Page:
1942 was a key year in Australia's history. As its people had so long feared, White Australia, an outpost of empire, seemed about to be invaded by the Japanese. In that one year, Darwin was bombed, submarines torpedoed ships in Sydney Harbour and Australian Militiamen died on the Kokoda Trail.
Each year, more and more Australians celebrate Anzac Day and honour the lives of those who fought for their country. There is even a push to create a new public holiday, in remembrance and celebration of the 'Battle for Australia'. But was there ever really such a battle, and how close did Australia actually come to being invaded?
'Invading Australia' provides a comprehensive, thorough and well-argued examination of these and other pertinent questions. Peter Stanley writes compellingly about Australian attitudes to Japan before, during and after World War II, and uses archival sources to discuss Japan's war plans early in 1942. He also shows that rather than a 'Battle for Australia' there was a worldwide fight for freedom and democracy that has allowed the West to enjoy great prosperity in the decades since 1945.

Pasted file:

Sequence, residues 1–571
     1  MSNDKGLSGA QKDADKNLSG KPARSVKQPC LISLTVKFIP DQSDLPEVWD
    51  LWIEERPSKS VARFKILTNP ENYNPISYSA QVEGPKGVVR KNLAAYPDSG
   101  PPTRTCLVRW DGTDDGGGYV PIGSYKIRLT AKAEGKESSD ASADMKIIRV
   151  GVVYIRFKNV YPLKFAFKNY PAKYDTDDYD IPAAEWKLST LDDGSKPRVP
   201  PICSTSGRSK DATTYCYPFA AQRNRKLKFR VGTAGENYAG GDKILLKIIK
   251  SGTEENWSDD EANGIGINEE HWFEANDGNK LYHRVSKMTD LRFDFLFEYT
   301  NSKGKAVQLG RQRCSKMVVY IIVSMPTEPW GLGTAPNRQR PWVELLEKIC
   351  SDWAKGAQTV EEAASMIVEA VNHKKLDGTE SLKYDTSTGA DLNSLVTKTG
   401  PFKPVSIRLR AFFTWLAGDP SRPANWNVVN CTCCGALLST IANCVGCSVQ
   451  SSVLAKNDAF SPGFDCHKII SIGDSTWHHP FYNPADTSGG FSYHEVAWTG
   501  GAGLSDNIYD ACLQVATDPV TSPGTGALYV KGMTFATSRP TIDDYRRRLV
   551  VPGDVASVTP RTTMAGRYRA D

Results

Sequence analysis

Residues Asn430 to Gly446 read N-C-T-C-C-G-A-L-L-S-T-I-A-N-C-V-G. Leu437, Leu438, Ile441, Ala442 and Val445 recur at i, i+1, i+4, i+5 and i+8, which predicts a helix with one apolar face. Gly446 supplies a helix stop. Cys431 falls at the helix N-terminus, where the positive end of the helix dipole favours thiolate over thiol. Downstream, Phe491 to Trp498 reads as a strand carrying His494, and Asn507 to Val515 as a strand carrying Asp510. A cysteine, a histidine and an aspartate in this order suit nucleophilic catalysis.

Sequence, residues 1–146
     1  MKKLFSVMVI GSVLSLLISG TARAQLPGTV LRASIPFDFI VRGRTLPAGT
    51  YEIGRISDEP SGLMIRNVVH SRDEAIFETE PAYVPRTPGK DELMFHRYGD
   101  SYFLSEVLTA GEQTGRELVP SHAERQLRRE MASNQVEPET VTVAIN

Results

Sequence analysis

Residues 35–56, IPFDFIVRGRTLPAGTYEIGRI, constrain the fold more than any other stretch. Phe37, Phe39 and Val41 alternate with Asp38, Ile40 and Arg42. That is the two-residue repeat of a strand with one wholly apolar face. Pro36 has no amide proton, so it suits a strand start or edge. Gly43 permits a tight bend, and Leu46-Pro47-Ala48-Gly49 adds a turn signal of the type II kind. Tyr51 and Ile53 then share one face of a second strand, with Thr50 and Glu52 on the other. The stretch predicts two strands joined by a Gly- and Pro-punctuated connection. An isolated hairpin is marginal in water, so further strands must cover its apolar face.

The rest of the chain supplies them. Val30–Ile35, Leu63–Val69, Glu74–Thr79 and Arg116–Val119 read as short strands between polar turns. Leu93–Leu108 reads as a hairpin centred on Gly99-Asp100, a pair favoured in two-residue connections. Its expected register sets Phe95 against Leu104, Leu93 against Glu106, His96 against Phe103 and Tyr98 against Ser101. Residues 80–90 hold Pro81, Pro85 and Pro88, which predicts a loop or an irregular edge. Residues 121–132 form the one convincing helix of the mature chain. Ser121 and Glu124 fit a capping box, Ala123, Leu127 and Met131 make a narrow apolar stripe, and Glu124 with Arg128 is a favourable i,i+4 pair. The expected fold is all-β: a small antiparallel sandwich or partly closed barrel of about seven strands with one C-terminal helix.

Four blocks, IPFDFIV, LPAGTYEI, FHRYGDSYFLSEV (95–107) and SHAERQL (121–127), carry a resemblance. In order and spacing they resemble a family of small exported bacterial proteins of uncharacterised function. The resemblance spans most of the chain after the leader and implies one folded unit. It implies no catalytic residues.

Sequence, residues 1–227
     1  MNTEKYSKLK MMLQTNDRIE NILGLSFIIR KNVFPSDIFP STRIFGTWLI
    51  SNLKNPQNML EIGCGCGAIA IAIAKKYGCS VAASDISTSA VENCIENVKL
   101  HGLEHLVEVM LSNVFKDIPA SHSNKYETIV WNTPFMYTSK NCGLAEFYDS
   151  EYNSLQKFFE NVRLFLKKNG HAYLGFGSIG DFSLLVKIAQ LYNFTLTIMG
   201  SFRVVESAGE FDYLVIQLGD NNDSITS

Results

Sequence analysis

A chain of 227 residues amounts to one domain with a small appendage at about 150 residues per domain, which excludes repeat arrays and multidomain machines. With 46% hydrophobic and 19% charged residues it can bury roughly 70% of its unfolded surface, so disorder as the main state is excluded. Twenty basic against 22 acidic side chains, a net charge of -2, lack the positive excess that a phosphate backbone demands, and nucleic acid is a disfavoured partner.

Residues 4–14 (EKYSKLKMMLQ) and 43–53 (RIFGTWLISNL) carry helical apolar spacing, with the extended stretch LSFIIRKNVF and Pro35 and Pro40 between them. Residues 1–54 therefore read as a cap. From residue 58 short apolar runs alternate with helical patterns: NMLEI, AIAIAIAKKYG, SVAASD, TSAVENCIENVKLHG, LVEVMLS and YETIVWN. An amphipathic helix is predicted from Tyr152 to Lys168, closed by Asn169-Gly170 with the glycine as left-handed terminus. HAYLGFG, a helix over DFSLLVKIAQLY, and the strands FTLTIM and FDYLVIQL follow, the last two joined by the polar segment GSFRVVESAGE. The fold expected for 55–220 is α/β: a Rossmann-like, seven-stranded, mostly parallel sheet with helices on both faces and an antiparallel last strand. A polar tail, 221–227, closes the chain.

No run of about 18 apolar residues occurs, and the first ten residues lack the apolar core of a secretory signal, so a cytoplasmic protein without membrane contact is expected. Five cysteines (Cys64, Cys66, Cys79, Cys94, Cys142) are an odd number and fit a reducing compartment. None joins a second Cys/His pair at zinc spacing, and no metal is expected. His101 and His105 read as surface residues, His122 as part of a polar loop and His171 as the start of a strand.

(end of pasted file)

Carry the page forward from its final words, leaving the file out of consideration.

Abbreviations and Measurements
Prologue: 'Rickshaws up George Street
Introduction: 'Did you fight the Japs?'
Part 1. 'Should foreign foes e'er sight our coasts': The Idea of a Japanese Invasion before 1942
1. Australia will fall': Invasion Imagined
2. 'Within the next three years ...': Invasion Anticipated
3. 'Gazelles grazing in a dell': Invasion Expected
Part 2. 'The nearness of our peril': Australia and the Threat of Invasion 1942
4. 'We who are about to die ...': Invasion Approaching
5. 'With defeat as her second son': Invasion Imminent
6. 'Great, tragic days': Invasion Feared
7. 'To defend and hold Australia': Invasion Resisted
8. 'Victory Disease': Invasion Deferred
9. 'They saved us from the Japs ... Perhaps': Invasion Deterred
10. 'Men who saved Australia': Invasion Defeated
Part 3. 'A historical fact which never existed': Invasion in History and Memory After 1942
11. 'A rich and lurid folklore': Invasion Invented
12. 'Battle for Australia': Invasion Interpreted
13. 'Deep and lasting impression': Invasion Remembered
14. 'Yes, but how did it affect us?': Invasion Irrelevant